The Color of Monogamy in Shakespeare's Sonnets

Lecture | October 25 | 5-7 p.m. | Wheeler Hall, Maude Fife Room, 315 Wheeler

 Melissa Sanchez, Department of English, Univ. of Pennsylvania

 Department of English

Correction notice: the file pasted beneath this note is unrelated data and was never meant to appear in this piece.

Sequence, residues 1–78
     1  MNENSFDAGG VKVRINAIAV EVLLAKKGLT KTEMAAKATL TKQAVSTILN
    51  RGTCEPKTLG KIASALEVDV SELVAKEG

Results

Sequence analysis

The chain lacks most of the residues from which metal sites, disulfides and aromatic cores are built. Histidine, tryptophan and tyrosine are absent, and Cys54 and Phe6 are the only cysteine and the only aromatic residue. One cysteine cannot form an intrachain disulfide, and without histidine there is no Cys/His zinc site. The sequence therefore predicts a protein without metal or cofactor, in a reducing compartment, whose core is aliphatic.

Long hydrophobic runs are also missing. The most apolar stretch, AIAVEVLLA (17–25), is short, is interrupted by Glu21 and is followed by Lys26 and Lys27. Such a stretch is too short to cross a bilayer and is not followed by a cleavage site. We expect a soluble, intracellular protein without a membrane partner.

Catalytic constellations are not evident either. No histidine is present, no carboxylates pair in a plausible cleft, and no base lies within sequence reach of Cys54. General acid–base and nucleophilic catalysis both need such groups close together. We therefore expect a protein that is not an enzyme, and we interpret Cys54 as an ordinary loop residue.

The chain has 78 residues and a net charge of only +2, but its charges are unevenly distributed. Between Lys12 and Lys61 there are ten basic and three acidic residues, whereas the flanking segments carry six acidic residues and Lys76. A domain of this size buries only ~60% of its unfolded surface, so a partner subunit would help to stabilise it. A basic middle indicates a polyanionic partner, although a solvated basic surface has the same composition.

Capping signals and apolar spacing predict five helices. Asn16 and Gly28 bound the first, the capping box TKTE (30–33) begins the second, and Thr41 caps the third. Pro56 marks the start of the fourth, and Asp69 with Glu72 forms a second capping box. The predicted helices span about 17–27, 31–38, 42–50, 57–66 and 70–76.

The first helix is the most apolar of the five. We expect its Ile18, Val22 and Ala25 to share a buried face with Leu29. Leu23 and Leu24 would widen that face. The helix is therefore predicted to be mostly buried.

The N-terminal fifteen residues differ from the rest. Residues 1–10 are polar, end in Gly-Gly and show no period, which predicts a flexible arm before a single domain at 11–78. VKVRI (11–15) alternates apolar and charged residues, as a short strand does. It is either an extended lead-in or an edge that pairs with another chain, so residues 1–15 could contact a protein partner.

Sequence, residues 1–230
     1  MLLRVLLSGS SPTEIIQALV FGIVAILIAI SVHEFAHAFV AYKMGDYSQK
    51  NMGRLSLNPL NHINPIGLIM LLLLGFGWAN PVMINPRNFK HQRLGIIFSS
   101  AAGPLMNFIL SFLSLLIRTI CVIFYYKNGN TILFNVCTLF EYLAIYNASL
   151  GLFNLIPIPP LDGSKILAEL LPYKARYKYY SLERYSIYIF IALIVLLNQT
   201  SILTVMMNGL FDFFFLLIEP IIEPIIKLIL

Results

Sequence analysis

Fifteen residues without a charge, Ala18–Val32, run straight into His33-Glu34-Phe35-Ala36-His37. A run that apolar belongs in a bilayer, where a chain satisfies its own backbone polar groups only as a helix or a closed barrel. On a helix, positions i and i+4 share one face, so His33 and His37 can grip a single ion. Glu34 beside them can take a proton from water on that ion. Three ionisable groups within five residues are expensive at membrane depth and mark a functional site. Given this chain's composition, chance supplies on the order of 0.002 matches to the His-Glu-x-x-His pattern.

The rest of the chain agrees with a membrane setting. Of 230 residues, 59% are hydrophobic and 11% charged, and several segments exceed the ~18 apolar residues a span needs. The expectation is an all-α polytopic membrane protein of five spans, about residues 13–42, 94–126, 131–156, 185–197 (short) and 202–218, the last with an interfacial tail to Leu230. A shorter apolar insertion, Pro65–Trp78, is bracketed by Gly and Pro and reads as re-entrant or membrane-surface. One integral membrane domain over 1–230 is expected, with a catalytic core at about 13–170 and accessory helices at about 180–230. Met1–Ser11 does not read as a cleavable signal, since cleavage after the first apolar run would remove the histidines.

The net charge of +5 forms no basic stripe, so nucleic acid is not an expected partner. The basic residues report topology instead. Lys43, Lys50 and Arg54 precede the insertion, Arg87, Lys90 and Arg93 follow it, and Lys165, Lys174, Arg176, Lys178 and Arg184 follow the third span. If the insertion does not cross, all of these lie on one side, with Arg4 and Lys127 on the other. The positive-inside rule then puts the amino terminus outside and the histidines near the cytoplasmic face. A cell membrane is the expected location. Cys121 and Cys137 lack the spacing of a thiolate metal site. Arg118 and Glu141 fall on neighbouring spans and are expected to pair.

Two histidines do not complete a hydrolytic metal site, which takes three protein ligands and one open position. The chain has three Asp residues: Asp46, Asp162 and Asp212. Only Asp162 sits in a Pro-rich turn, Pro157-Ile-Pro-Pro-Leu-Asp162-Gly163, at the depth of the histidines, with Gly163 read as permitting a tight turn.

Shakespeare’s Sonnets register the development of a fiction of somatic, heritable whiteness as a correlate of respectable sexuality, one disseminated in Renaissance celebrations of classical male friendship and imperial allegories of sexual conquest. Yet in their depiction of the entanglements among the poetic speaker, a “fair” young man, a “black” mistress, and unnamed others, the Sonnets conspicuously fail to cordon off rational love from humiliating appetite. Instead, these poems explore the secular implications of a Pauline soteriology based on what Shakespeare calls “lascivious grace”—a theology that resists the idealization of monogamy that has historically helped sustain intersecting gendered and racial hierarchies.

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